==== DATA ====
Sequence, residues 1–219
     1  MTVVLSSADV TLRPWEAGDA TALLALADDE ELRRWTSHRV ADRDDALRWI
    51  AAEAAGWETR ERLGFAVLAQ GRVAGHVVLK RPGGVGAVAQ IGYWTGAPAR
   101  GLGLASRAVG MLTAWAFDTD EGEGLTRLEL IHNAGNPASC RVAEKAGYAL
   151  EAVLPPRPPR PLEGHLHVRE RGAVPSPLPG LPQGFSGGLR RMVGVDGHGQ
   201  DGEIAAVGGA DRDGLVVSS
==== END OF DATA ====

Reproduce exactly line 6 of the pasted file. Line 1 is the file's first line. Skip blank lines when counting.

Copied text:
   201  DGEIAAVGGA DRDGLVVSS